CTSiM (Computational Thinking using Simulation and Modeling) is an OELE that promotes the synergistic learning of science and computational thinking (CT) concepts using a “learning by modeling” approach. In CTSiM, students build their simulation models using an agent-based, block-structured visual language and are provided with additional tools to help them test and verify their models.
CTSiM Learning activity: reading the domain library
CTSiM Learning activity: constructing conceptual and computational models
CTSiM Learning activity: stepping through model execution
CTSiM Learning activity: comparing with an expert model
Students’ learning and model building activities in CTSiM involve a mixture of five primary activities, and students can freely switch between them. The five learning activities are (1) viewing and acquiring information about domain content and CT-related concepts from hypertext resource libraries; (2) constructing an abstract conceptual model of the science scenario using an agent-based framework (which defines the relevant properties and behaviors associated with the agents that operate in that environment); (3) building computational models of agent behaviors using a block-structured visual language; (4) executing their models to analyze the behaviors generated as NetLogo simulations ; and (5) verifying the correctness of their models by comparing them to the behaviors generated by an expert model that runs synchronously with theirs.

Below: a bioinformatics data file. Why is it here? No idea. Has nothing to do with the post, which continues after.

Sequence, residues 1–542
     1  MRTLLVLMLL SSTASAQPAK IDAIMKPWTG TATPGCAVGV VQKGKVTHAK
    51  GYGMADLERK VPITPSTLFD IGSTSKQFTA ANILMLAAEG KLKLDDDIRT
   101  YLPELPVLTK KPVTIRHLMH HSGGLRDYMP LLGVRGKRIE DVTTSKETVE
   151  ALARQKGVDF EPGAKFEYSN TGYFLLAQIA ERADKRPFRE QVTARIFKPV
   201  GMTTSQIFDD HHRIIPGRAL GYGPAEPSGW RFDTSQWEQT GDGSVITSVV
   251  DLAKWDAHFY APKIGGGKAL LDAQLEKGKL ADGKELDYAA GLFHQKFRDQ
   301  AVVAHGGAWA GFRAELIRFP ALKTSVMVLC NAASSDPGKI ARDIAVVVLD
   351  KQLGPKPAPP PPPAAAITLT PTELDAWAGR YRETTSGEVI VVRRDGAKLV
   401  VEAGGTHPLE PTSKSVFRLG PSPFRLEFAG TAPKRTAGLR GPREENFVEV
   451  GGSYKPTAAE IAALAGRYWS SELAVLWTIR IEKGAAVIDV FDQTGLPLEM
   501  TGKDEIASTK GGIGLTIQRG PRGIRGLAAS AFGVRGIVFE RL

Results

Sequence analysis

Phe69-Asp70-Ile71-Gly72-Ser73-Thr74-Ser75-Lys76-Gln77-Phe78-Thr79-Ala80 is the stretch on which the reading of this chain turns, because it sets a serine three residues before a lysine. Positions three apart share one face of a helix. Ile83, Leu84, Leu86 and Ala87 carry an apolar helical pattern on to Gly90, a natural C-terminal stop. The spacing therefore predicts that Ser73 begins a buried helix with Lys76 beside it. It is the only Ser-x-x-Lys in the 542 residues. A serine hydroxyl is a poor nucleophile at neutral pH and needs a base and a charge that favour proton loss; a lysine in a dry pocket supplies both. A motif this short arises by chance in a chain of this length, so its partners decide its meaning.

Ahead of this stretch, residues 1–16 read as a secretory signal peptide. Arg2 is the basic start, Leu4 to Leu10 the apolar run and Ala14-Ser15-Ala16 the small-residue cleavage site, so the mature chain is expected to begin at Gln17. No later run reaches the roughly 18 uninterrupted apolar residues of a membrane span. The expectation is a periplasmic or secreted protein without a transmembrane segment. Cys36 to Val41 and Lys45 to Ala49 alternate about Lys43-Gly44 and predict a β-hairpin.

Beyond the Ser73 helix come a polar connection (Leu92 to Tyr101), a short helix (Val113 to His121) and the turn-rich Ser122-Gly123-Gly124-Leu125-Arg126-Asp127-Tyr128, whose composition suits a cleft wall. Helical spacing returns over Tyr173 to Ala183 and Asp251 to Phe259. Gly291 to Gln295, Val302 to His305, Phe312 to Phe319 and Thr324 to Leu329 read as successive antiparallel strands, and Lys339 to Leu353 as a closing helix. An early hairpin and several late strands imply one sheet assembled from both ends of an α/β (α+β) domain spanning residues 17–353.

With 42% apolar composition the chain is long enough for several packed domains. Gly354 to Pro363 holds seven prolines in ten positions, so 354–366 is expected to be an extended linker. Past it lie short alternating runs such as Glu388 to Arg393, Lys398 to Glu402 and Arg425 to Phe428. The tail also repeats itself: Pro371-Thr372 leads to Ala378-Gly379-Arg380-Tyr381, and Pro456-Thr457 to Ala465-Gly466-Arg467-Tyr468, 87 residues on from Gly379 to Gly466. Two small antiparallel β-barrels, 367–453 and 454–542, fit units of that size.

CTSiM has a learning progression that consists of two introductory training activities: (1) unilateral polygons and (2) spiral patterns as well as seven primary modeling activities: (1) advanced kinematics (rollercoaster), (2) mechanics (car acceleration), (3) advanced mechanics (rocket launch), (4) momentum (colliding spheres), (5) diffusion and dynamic equilibrium (particle diffusion), (6) macroscopic ecology (fish and aquatic plants in a fish tank), and (7) microscopic ecology (bacteria in the fish). The OELE Group maintains close collaborations with the education community, and many of the modeling activities are the collaborative result with classroom teachers and instruction science professionals.
We have conducted studies with CTSiM in different modalities since 2013, including pilot pull-out studies, in-classroom interventions, remote studies purely administered by classroom teachers, and summer camp projects. Pre- and post-tests in these previous studies have demonstrated that students show significant learning gains in the science content knowledge as well as CT skills.